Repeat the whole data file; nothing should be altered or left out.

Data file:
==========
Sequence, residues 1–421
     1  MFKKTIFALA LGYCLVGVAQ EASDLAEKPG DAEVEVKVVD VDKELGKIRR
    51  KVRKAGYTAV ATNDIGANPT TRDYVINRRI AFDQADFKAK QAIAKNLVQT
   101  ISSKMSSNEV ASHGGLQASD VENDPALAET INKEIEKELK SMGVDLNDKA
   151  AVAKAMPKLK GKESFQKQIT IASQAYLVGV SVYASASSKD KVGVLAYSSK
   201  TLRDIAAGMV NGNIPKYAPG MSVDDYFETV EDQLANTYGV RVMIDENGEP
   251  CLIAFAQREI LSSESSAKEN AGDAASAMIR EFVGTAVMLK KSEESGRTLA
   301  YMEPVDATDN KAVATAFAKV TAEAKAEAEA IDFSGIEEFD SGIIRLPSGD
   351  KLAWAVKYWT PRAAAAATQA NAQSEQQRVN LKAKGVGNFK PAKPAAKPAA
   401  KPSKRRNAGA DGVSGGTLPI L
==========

Sequence, residues 1–421
     1  MFKKTIFALA LGYCLVGVAQ EASDLAEKPG DAEVEVKVVD VDKELGKIRR
    51  KVRKAGYTAV ATNDIGANPT TRDYVINRRI AFDQADFKAK QAIAKNLVQT
   101  ISSKMSSNEV ASHGGLQASD VENDPALAET INKEIEKELK SMGVDLNDKA
   151  AVAKAMPKLK GKESFQKQIT IASQAYLVGV SVYASASSKD KVGVLAYSSK
   201  TLRDIAAGMV NGNIPKYAPG MSVDDYFETV EDQLANTYGV RVMIDENGEP
   251  CLIAFAQREI LSSESSAKEN AGDAASAMIR EFVGTAVMLK KSEESGRTLA
   301  YMEPVDATDN KAVATAFAKV TAEAKAEAEA IDFSGIEEFD SGIIRLPSGD
   351  KLAWAVKYWT PRAAAAATQA NAQSEQQRVN LKAKGVGNFK PAKPAAKPAA
   401  KPSKRRNAGA DGVSGGTLPI L